Can I Borrow a Dollar?

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Can I Borrow a Dollar?
Common - Can I Borrow a Dollar.jpg
Studio album by Common Sense
Released October 6, 1992
Recorded 1991-1992
Genre Hip hop, Midwest hip hop
Length 49:34
Label Relativity Records
Producer No I.D. (Immenslope)
The Beatnuts
Twilite Tone
Common chronology
Can I Borrow a Dollar?
Singles from Can I Borrow a Dollar?
  1. "Take It EZ"
    Released: September 4, 1992
  2. "Breaker 1/9"
    Released: January 12, 1993
  3. "Soul by the Pound"
    Released: July 13, 1993
Professional ratings
Review scores
Source Rating
Allmusic 3/5 stars[1]
RapReviews (7/10)[2]
Rhapsody (favorable)[3]
The Rolling Stone Album Guide 2.5/5 stars[4]
The Source 3.5/5 stars[5]
WordPress (favorable)[6]

Can I Borrow a Dollar? is the 1992 debut album by Chicago rapper Common (then known as Common Sense), released in the United States on October 6, 1992. The album was entirely produced by No I.D (then called Immenslope) and Twilite Tone, with addictional production by The Beatnuts. It contains guest vocals from Immenslope, Miss Jones and Common's then-girlfriend Rayshel. Entertainment Weekly's Neil Drumming described it as "a clever but little-noticed first album".[7]



In 1991, a feature was written about Common in the Unsigned Hype section of The Source. Relativity Records soon signed Common, and prepared to release three singles for his debut album. The first and best-charting single was 1992's "Take It EZ". It reached #5 on the Hot Rap Singles chart while his next two singles, "Breaker 1/9" and "Soul by the Pound," reached #10 and #7 respectively. All of these singles combined to give Common a strong underground reputation prior to the album's release.[8]


Can I Borrow A Dollar? shows Common's early style of rapping; namely a sing-songy and inflection-heavy vocal delivery, as well as lyrics packed with word play and popular culture allusions.[1][2] The album's production, utilizing samples, keyboards, and drum breaks prominently, tends to be minimalistic, jazzy and laid back.[1] The Source called the production top notch.[5] Although receiving a lukewarm reception, Stanton Swihart of Allmusic considers it to have put Chicago hip hop on the map and to be an underrated debut album. [1]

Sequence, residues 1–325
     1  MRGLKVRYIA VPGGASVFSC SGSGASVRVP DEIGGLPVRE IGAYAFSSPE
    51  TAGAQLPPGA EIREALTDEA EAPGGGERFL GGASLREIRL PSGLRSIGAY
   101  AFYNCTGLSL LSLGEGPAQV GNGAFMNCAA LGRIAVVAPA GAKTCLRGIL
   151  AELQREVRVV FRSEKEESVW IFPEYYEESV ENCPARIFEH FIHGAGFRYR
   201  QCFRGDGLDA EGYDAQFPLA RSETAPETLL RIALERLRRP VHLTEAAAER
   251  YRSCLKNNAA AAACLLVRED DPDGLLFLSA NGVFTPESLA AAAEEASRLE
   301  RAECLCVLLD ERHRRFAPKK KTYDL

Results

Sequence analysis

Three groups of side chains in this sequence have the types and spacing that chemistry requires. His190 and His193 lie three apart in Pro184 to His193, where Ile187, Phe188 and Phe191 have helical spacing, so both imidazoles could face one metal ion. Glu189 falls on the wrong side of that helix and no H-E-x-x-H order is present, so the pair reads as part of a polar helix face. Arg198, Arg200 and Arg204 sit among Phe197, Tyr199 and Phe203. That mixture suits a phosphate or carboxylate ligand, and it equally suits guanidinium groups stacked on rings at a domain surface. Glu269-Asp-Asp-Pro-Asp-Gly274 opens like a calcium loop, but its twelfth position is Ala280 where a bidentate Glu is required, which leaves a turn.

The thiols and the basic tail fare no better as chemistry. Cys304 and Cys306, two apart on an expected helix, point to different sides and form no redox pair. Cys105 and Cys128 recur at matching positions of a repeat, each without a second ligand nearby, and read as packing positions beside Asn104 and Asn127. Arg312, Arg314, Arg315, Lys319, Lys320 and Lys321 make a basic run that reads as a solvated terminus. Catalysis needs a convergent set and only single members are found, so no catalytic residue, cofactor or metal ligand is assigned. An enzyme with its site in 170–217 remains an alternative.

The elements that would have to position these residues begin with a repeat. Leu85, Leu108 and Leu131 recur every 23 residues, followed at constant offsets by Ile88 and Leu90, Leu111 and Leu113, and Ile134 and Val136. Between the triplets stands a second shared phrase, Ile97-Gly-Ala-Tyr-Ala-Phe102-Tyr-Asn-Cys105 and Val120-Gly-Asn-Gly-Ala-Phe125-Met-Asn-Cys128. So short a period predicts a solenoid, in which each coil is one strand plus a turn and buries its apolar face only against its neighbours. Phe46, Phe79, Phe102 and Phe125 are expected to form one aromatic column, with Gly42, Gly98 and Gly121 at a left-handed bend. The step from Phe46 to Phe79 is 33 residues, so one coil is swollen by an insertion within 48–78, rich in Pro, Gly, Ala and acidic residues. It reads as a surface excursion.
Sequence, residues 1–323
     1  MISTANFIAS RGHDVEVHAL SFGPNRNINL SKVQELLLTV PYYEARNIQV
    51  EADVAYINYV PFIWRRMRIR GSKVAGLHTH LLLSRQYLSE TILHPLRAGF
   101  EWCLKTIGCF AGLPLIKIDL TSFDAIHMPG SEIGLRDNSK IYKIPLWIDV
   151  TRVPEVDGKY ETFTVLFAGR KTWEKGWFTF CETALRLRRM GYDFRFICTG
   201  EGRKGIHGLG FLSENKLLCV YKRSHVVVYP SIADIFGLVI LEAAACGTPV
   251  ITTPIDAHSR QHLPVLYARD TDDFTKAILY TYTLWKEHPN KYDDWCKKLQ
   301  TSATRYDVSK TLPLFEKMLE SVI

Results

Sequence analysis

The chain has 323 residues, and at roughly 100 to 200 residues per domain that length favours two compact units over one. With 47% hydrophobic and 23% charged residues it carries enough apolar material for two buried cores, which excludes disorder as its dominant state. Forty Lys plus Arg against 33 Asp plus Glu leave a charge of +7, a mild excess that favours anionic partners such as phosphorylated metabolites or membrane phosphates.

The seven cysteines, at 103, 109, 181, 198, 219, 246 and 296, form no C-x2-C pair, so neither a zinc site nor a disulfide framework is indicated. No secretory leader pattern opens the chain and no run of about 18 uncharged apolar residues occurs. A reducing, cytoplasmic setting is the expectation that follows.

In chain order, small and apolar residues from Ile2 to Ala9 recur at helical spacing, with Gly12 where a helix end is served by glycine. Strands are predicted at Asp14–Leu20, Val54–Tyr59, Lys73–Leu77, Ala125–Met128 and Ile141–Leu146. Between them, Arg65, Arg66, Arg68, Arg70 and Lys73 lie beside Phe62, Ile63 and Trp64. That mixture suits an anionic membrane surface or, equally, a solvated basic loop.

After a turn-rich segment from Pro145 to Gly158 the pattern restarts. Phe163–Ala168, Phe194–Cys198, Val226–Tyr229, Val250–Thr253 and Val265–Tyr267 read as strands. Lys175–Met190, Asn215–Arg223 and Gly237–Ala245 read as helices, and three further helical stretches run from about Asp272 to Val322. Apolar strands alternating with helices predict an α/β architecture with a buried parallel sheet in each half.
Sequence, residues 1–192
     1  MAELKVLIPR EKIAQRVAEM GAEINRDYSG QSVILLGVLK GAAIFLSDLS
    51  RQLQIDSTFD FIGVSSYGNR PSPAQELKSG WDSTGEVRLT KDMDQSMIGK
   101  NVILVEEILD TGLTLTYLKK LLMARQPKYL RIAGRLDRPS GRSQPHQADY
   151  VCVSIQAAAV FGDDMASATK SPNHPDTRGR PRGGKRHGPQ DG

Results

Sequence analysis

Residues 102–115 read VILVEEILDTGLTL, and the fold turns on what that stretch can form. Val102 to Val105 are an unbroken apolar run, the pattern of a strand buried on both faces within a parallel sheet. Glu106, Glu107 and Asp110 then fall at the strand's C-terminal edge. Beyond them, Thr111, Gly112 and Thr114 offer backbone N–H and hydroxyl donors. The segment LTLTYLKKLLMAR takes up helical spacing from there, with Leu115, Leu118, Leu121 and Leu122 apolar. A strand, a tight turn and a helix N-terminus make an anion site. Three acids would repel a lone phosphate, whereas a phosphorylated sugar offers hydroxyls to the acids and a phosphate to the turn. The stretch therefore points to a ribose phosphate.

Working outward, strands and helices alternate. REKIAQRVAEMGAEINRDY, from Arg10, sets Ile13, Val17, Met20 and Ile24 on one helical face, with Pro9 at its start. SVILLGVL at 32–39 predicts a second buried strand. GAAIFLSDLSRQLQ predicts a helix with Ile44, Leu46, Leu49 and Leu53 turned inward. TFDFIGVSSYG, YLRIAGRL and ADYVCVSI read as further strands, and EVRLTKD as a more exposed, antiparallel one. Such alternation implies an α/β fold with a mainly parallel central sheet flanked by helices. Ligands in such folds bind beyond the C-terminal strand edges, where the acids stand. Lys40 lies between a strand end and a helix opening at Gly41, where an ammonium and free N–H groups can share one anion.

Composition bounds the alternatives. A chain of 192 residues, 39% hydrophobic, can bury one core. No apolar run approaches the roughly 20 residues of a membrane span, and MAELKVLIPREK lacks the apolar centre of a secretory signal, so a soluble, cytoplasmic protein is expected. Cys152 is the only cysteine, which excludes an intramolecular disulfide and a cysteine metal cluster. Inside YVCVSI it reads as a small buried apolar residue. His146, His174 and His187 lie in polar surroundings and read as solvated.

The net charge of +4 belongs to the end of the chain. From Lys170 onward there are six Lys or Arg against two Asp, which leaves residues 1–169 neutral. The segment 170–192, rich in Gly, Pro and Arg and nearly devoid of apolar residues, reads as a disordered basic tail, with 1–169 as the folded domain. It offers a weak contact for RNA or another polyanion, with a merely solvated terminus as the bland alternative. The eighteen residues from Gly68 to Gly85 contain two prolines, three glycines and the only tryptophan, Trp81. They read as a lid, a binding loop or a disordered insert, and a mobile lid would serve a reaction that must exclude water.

Track listing[edit]

No. Title Performer(s) Length
1. "A Penny for My Thoughts"   Common, Lenny Underwood (keyboards), Kenny Aaronson (bass) 4:23
2. "Charms Alarm"   Common 4:30
3. "Take It EZ"   Common, Lenny Underwood (keyboards), Tony Orbach (saxophone) 4:08
4. "Heidi Hoe"   Common 4:29
5. "Breaker 1/9"   Common 4:01
6. "Two Scoops of Raisins"   Common, Immenslope, Kenny Aaronson (bass) 5:28
7. "No Defense"   Common 1:14
8. "Blows to the Temple"   Common 4:39
9. "Just in the Nick of Rhyme"   Common 2:30
10. "Tricks Up My Sleeve"   Common, Rayshel, Lenny Underwood (keyboards), Kenny Aaronson (bass) 3:21
11. "Puppy Chow"   Common, Miss Jones (background vocals) 4:01
12. "Soul by the Pound"   Common 4:20
13. "Pitchin' Pennies"   Common 1:58

Chart positions[edit]

Album chart positions[edit]

Year Album Chart positions
Top R&B/Hip Hop Albums
1993 Can I Borrow a Dollar? 70

Singles chart positions[edit]

Year Song Chart positions
Hot Rap Singles
1992 "Take It EZ" 5
1993 "Breaker 1/9" 10
1993 "Soul by the Pound" 7


  1. ^ a b c d Swihart, Stanton. "Can I Borrow a Dollar? - Common Sense". Retrieved March 24, 2007. 
  2. ^ a b Jost, Matt. "Can I Borrow a Dollar? Review at". Retrieved March 24, 2007. 
  3. ^ Rhapsody review
  4. ^ Brackett, Nathan; Christian Hoard (2004). The Rolling Stone Album Guide. New York City, New York: Simon and Schuster. p. 187. ISBN 0-7432-0169-8. 
  5. ^ a b Album reviews at CD Universe
  6. ^ WordPress review
  7. ^ Drumming, Neil (May 30, 2005). "Confidence Man at". Entertainment Weekly. Retrieved May 13, 2007. 
  8. ^ Huey, Steve. "Common Biography at Allmusic". Retrieved March 24, 2007.